Existing seaborn functions have parameters that allow adjustments for overplotting, such as dodge= in several categorical functions, jitter= in several functions based on scatter plots, and the multiple= parameter in distribution functions. In the new interface, those adjustments are abstracted away from the particular visual representation into the concept of a Move:

(
    so.Plot(tips, "day", "total_bill", color="time")
    .add(so.Dot(), so.Dodge())
)
_images/demo_36_0.png

Separating out the positional adjustment makes it possible to add additional flexibility without overwhelming the signature of a single function. For example, there will be more options for handling missing levels when dodging and for fine-tuning the adjustment.

(
    so.Plot(tips, "day", "total_bill", color="time")
    .add(so.Bar(), so.Agg(), so.Dodge(empty="fill", gap=.1))
)
_images/demo_38_0.png

By default, the move will resolve all overlapping semantic mappings:

(
    so.Plot(tips, "day", "total_bill", color="time", alpha="sex")
    .add(so.Bar(), so.Agg(), so.Dodge())
)
_images/demo_40_0.png

But you can specify a subset:

(
    so.Plot(tips, "day", "total_bill", color="time", alpha="smoker")
    .add(so.Dot(), so.Dodge(by=["color"]))
)
_images/demo_42_0.png

It’s also possible to stack multiple moves or kinds of moves:

(
    so.Plot(tips, "day", "total_bill", color="time", alpha="smoker")
    .add(so.Dot(), so.Dodge(by=["color"]), so.Jitter(.5))
)
_images/demo_44_0.png

Separating the Stat and Move from the visual representation affords more flexibility, greatly expanding the space of graphics that can be created.


Semantic mapping: the Scale#

The declarative interface allows users to represent dataset variables with visual properites such as position, color or size. A complete plot can be made without doing anything more defining the mappings: users need not be concerned with converting their data into units that matplotlib understands. But what if one wants to alter the mapping that seaborn chooses? This is accomplished through the concept of a Scale.

The notion of scaling will probably not be unfamiliar; as in matplotlib, seaborn allows one to apply a mathematical transformation, such as log, to the coordinate variables:

planets = load_dataset("planets").query("distance < 1000")
(
    so.Plot(planets, x="mass", y="distance")
    .scale(x="log", y="log")
    .add(so.Dots())
)
_images/demo_48_0.png

But the Scale concept is much more general in seaborn: a scale can be provided for any mappable property. For example, it is how you specify the palette used for color variables:

(
    so.Plot(planets, x="mass", y="distance", color="orbital_period")
    .scale(x="log", y="log", color="rocket")
    .add(so.Dots())
)
_images/demo_50_0.png

While there are a number of short-hand “magic” arguments you can provide for each scale, it is also possible to be more explicit by passing a Scale object. There are several distinct Scale classes, corresponding to the fundamental scale types (nominal, ordinal, continuous, etc.). Each class exposes a number of relevant parameters that control the details of the mapping:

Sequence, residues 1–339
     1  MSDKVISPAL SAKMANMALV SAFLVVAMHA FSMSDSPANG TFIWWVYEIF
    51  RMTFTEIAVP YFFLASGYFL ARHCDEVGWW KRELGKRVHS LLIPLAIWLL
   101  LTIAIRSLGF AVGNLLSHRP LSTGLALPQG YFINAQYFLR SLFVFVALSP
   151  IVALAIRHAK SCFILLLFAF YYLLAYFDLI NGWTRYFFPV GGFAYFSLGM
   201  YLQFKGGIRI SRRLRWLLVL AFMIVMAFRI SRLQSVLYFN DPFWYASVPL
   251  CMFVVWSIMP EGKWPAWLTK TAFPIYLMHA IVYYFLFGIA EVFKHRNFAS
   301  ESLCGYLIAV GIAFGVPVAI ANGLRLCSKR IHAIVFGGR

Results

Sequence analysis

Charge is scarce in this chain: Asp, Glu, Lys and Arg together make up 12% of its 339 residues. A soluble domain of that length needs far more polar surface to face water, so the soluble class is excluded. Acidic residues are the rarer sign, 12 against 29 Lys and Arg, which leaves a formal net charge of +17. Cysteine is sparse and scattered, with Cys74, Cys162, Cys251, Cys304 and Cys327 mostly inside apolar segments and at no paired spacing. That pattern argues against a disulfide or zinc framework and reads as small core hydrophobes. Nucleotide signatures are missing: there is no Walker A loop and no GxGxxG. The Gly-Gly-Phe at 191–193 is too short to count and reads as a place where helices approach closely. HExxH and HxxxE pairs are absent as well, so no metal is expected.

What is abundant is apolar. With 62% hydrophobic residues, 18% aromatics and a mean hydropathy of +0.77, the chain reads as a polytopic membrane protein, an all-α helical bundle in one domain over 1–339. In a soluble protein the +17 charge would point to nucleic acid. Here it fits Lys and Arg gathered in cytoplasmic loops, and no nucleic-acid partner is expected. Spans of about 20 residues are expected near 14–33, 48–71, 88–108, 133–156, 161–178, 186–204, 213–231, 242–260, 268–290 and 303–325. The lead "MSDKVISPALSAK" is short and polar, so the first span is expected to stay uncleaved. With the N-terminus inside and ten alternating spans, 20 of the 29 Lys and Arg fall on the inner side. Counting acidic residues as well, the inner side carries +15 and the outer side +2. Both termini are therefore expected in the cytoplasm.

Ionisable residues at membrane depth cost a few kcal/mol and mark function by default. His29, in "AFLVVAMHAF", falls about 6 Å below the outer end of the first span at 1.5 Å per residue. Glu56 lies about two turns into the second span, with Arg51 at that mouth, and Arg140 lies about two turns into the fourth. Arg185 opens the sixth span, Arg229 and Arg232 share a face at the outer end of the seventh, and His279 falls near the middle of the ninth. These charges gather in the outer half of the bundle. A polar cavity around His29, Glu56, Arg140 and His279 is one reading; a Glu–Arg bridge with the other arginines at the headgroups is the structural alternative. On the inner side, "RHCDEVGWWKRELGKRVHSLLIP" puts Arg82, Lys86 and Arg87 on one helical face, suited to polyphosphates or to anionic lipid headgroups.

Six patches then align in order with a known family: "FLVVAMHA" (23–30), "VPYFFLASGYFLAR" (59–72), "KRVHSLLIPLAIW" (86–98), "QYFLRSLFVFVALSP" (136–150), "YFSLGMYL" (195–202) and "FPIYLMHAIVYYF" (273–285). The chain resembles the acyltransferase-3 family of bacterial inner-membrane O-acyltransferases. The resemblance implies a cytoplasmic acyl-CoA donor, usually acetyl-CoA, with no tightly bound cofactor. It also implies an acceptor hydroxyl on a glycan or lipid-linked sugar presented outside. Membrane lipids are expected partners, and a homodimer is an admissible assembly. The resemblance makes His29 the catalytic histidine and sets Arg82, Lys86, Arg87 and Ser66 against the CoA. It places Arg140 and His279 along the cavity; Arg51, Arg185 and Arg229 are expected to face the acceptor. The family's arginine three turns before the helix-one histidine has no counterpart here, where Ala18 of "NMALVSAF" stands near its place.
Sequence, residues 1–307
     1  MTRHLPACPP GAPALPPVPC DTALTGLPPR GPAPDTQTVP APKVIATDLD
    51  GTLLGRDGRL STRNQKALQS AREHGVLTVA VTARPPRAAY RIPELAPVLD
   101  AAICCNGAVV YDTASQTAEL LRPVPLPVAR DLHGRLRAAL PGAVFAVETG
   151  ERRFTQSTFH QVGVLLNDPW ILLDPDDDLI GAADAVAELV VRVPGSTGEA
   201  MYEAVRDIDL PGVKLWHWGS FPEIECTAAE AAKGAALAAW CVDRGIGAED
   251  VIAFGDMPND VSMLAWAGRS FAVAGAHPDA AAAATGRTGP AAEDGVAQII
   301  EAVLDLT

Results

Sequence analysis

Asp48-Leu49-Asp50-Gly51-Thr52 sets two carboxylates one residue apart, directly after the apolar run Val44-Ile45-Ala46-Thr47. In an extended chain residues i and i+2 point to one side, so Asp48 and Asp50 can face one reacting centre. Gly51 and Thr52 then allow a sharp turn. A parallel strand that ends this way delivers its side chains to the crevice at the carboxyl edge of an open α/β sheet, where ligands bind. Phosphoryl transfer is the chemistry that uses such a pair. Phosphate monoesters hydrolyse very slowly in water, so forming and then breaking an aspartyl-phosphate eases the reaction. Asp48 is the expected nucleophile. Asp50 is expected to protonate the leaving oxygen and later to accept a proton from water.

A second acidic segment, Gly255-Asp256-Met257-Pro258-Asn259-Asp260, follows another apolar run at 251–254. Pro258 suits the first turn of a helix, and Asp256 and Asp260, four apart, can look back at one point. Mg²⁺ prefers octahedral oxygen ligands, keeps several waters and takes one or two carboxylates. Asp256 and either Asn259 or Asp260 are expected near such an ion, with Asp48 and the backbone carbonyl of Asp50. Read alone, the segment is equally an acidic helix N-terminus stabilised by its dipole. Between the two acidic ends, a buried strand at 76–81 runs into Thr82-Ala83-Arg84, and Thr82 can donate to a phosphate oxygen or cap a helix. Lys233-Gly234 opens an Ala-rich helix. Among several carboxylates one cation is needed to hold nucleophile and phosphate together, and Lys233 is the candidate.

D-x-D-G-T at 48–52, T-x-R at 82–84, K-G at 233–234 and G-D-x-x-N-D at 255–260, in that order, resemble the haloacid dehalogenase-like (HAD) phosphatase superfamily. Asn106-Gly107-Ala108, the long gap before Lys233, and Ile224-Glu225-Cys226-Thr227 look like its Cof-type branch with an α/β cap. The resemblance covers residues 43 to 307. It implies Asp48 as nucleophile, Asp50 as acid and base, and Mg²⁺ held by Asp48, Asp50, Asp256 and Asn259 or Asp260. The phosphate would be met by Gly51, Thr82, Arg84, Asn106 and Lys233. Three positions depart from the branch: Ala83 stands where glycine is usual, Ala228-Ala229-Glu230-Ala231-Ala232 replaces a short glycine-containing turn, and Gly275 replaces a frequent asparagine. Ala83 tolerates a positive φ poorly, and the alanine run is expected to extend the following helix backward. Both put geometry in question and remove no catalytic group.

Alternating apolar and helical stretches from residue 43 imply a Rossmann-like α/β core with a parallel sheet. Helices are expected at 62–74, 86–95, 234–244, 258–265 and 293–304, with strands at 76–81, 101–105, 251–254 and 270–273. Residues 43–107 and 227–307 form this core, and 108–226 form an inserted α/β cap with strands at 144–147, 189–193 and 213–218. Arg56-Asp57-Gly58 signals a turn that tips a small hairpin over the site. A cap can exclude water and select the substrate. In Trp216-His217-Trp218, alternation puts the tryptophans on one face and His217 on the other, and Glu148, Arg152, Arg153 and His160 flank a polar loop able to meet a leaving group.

(
    so.Plot(planets, x="mass", y="distance", color="orbital_period")
    .scale(
        x="log",
        y=so.Continuous(trans="log").tick(at=[3, 10, 30, 100, 300]),
        color=so.Continuous("rocket", trans="log"),
    )
    .add(so.Dots())
)
_images/demo_52_0.png

There are several different kinds of scales, including scales appropriate for categorical data:

(
    so.Plot(planets, x="year", y="distance", color="method")
    .scale(
        y="log",
        color=so.Nominal(["b", "g"], order=["Radial Velocity", "Transit"])
    )
    .add(so.Dots())
)
_images/demo_54_0.png

It’s also possible to disable scaling for a variable so that the literal values in the dataset are passed directly through to matplotlib:

(
    so.Plot(planets, x="distance", y="orbital_period", pointsize="mass")
    .scale(x="log", y="log", pointsize=None)
    .add(so.Dots())
)
_images/demo_56_0.png

Scaling interacts with the Stat and Move transformations. When an axis has a nonlinear scale, any statistical transformations or adjustments take place in the appropriate space:

so.Plot(planets, x="distance").add(so.Bars(), so.Hist()).scale(x="log")
_images/demo_58_0.png

This is also true of the Move transformations:

(
    so.Plot(
        planets, x="distance",
        color=(planets["number"] > 1).rename("multiple")
    )
    .add(so.Bars(), so.Hist(), so.Dodge())
    .scale(x="log", color=so.Nominal())
)
_images/demo_60_0.png

Defining subplot structure#

Seaborn’s faceting functionality (drawing subsets of the data on distinct subplots) is built into the Plot object and works interchangably with any Mark/Stat/Move/Scale spec:

(
    so.Plot(tips, x="total_bill", y="tip")
    .facet("time", order=["Dinner", "Lunch"])
    .add(so.Dots())
)